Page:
The nasty weather was an appropriate reminder that the Akká of that time was a far cry from the bustling touristy city we see today. Wrapped in many layers and carrying umbrellas like lances to battle the storm, we stepped off our bus into the gray day and walked through the old city gate to the prison cells where Bahá’u’lláh’s family lived after their arrival. Chilled to the bone even within the stone walls of the prison citadel, it was hard to imagine surviving for two years in these barren quarters. Outside the windows, the sea crashed against the city ramparts, foaming angrily.

I had the same feeling in the next house the family occupied. Although surely an improvement over the desolate prison, the house still bore an aura of oppression about it. Looking out the window of a room upstairs upon the block of cold stone houses and the leaden sky above, with nary a tree or creature in sight to relieve the harsh view, I could begin to imagine the pain of living as a prisoner.

That was the dark part of Pilgrimage, which helped us appreciate its lighter times: our time spent together, and the eventual return of the sun for our visits to Bahjí, Junayn Garden, and Holy Places in Haifa.

Light moments had to include a trip to the big baklava mountain, where the nutty pastry naturally accumulates in waist-high drifts.

Light moments had to include a trip to the big baklava mountain, where the nutty pastry naturally accumulates in waist-high drifts.

NB: Bahá’í pilgrimage consists of nine days during which pilgrims visit the Holy Places in Akká, Haifa, and Nahariyya associated with the history of the Faith in the Holy Land—and most importantly pray at the Shrines built at the resting-places of our Central Figures: Bahá’u’lláh, the Báb, and ‘Abdu’l-Bahá. If a Bahá’í has the financial resources, he is supposed to make pilgrimage at least once in his life as a means of spiritual deepening.

Shrine of Bahá'u'lláh at Bahjí, the most holy place on earth for Bahá'ís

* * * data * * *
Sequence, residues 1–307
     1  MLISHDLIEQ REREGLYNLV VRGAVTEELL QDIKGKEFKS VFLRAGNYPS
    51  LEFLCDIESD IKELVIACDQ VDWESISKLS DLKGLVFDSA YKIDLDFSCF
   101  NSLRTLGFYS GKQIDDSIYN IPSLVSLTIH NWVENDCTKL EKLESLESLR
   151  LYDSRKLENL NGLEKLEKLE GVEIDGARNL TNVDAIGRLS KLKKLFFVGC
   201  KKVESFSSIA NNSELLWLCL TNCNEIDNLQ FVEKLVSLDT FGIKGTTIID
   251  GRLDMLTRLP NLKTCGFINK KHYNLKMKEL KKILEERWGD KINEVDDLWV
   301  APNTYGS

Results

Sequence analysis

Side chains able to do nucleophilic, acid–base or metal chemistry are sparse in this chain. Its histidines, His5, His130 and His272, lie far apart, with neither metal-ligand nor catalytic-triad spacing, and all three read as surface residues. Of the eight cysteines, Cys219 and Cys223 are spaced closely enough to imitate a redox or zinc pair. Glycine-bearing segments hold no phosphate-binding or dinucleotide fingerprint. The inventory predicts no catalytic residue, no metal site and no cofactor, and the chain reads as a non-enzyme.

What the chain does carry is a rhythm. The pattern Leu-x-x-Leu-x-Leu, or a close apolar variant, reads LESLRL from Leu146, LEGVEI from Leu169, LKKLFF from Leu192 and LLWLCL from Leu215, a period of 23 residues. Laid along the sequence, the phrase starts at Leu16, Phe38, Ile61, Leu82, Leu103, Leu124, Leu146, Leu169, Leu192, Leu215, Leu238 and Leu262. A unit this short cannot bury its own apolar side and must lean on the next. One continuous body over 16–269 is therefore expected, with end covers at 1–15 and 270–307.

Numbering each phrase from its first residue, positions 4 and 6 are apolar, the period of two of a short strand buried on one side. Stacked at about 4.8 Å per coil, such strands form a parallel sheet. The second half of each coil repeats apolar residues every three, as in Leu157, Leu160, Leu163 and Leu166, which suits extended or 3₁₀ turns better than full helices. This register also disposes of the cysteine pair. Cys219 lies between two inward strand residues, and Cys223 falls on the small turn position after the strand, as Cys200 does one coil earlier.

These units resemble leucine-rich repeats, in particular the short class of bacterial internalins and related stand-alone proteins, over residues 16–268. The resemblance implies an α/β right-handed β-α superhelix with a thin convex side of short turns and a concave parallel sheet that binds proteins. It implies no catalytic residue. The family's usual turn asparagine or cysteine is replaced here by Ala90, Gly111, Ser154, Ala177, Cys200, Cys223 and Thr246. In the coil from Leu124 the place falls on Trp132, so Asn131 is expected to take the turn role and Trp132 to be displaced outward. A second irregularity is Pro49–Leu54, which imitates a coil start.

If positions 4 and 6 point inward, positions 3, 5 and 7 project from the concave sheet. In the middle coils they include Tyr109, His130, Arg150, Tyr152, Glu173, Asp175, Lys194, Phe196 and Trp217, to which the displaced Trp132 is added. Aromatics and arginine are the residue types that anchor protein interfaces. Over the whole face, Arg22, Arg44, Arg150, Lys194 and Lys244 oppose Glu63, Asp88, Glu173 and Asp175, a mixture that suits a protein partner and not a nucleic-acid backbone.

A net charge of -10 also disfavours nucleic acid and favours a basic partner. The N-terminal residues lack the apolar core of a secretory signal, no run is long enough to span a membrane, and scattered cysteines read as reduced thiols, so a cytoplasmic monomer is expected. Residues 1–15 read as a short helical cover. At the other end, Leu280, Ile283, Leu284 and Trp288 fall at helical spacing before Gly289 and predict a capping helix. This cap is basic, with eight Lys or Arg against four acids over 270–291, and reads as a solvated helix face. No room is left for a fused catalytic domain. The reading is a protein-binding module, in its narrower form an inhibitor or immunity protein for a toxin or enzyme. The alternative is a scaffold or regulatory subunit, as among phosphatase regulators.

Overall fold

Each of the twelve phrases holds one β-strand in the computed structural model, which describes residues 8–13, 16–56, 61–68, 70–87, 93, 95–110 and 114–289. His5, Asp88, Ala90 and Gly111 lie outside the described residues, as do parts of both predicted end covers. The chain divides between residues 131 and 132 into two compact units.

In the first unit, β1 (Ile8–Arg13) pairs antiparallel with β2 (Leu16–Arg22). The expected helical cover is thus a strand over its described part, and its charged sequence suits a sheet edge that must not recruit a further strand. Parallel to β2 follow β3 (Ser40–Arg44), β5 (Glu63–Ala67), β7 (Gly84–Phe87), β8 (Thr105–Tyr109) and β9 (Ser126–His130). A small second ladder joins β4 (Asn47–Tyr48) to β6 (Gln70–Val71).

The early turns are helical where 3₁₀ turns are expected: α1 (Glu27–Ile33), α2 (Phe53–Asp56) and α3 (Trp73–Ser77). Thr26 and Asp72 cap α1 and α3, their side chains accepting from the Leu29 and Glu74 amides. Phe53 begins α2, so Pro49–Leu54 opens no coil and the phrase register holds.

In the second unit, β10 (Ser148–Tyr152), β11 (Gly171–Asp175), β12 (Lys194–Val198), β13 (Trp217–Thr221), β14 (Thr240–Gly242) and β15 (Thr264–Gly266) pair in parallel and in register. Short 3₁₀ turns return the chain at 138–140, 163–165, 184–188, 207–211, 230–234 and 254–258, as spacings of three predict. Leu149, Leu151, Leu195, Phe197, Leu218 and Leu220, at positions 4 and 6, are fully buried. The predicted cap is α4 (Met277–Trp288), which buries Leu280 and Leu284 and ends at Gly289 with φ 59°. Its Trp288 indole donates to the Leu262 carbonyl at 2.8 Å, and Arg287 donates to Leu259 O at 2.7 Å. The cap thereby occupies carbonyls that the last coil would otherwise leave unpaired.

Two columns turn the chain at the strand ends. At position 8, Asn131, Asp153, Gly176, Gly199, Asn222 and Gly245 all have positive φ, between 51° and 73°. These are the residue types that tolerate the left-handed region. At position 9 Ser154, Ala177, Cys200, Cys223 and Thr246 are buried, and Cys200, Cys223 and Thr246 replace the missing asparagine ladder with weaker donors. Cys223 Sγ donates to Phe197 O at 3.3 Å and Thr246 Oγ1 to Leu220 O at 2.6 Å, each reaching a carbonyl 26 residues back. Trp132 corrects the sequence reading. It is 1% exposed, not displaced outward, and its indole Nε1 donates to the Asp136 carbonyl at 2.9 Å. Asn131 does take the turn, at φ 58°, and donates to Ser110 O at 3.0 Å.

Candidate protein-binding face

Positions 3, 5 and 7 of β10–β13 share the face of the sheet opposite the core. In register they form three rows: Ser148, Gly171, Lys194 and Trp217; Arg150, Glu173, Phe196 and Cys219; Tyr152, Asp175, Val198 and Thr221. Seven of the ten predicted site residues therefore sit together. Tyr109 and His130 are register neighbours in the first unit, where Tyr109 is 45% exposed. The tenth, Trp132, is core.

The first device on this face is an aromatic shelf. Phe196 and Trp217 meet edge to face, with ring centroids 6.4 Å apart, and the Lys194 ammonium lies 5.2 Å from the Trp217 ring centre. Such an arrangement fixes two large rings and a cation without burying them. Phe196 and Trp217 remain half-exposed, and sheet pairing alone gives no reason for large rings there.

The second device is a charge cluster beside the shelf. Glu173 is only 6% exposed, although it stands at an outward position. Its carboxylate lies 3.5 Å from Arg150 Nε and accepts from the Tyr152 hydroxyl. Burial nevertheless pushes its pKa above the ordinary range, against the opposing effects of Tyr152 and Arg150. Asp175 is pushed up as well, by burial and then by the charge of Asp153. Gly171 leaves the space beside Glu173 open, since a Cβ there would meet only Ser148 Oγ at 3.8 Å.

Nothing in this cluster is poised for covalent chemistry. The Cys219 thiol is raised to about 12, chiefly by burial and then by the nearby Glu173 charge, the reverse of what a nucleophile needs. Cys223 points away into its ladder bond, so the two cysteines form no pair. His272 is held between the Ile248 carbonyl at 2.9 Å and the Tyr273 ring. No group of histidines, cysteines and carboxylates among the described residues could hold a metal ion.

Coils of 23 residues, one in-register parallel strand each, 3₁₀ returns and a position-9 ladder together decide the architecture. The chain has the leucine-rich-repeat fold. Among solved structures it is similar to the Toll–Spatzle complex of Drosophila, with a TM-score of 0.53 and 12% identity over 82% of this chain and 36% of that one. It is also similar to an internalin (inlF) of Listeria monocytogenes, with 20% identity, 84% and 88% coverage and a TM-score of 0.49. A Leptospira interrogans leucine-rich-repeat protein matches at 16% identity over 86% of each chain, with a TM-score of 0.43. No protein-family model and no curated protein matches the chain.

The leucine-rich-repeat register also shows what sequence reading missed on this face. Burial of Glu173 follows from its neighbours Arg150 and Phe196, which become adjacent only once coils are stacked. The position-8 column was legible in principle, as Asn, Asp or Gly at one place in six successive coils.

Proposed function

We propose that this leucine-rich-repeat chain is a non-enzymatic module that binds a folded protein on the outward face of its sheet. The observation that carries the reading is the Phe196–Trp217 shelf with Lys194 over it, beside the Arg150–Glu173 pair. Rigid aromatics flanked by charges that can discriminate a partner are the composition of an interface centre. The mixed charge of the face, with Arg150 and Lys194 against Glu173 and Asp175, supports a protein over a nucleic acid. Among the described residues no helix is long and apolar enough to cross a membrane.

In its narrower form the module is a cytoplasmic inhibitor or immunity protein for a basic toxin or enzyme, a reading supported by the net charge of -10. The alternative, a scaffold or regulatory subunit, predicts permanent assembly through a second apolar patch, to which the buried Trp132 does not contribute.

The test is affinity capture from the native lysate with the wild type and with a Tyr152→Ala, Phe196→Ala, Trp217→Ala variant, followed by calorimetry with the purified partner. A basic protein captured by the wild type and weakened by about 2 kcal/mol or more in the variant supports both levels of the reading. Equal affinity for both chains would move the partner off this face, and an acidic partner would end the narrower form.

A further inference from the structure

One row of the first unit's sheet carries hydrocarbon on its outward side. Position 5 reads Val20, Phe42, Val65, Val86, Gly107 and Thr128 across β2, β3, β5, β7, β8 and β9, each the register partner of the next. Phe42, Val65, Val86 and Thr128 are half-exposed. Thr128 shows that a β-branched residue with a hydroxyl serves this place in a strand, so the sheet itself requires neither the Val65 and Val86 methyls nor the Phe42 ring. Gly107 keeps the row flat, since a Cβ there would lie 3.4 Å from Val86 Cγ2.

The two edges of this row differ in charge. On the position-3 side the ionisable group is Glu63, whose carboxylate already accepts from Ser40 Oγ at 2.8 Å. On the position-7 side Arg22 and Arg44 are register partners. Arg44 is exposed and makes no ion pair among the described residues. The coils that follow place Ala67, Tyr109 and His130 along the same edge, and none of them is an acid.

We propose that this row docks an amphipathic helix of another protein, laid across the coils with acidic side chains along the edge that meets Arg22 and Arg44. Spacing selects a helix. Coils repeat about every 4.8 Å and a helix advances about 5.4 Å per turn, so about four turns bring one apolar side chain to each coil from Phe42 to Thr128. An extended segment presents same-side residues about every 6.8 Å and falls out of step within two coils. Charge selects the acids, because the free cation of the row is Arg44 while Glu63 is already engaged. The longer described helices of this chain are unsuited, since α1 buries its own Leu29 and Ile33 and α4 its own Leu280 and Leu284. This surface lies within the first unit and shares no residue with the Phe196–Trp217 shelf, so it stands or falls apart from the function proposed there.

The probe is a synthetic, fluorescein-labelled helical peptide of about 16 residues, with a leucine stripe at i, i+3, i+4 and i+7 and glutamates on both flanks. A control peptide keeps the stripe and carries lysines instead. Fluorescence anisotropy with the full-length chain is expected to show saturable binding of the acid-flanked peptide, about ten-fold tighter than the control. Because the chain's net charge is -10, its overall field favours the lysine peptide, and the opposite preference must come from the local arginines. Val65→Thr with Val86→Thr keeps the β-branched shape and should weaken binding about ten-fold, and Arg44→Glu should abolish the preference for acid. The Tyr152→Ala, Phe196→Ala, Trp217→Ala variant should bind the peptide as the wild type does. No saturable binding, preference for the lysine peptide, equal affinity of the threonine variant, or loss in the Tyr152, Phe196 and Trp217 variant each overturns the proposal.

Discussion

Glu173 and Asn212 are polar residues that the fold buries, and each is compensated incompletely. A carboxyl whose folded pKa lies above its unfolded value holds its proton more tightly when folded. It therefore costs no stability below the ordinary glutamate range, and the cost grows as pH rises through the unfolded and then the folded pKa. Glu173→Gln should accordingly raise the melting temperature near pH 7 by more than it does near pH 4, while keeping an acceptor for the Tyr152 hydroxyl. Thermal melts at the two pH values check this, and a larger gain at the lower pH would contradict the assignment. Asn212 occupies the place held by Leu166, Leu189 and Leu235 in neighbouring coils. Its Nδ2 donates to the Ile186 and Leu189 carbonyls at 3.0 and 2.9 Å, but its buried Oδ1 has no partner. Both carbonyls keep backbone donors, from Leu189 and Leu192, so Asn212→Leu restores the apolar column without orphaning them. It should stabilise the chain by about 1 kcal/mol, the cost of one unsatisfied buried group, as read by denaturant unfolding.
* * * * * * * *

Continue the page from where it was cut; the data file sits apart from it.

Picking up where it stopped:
Shrine of Bahá’u’lláh at Bahjí, the most holy place on earth for Bahá’ís

So shiny

We’re on the roof of a building in the Abdullah Pasha compound in ‘Akká.  It’s 7:00 PM and the sun is setting over the Mediterranean, painting sky and sea.  Viewed through the chain link fence bordering the roof, it becomes a gleaming mosaic.   A mosaic in a Mosaic land.  If I had brought my camera, I would have indulged in some shutterbugging, but I try to take “photos with my brain” instead.  Although I could really use a better memory card.

At least someone remembered their camera!

At least someone remembered their camera!

So we’re on the roof for our weekly reflection program, a change of habitat from our usual multipurpose room.  The group is singing the song we always sing, “Unite the hearts,” when the call to prayer rings out from the nearby mosque.  I find myself wishing church bells would start tolling and the worshippers at a synagogue would start harmonizing in an interfaith mashup.

The previous week, a member of the Universal House of Justice talked with our group about the spiritual prerequisites for success.  I had the (nerve-wracking) honor of introducing him (I cut the word “prerequisite” out of my intro after its multiple R’s proved hostile to my pronunciation) and sitting beside him for the duration.  The scent of his attar of rose permeated the air.

I made a card to thank him for joining us.  It was the first time I’ve painted in quite a while, and losing myself in the watercolors for a few hours reminded me why I love making art.  The line written in the lower left corner comes from the 28 December 2010 message of the UHJ to the Continental Board of Counsellors, which discusses upholding Bahá’í values and nurturing good habits of thought:

May every one of them [youth] come to know the bounties of a life adorned with purity and learn to draw on the powers that flow through pure channels.


I can’t help but notice a resemblance to an earlier painting…

Watercolor - Forest Meditation

Five years have elapsed, and my muse remains the same.

The sea wall


It started as a Wisconsinite reunion, because there are five of us here.  We met up at Bahjí, the most holy place for Bahá’ís, and afterwards three of us traveled into Akko.  That brief journey was complicated by missing our stop on the sherut, which resulted in us hiking toward the old city through an apparent construction zone covered with sand and the occasional concrete amalgamation.  But the important thing is that we got there and counted forty waves.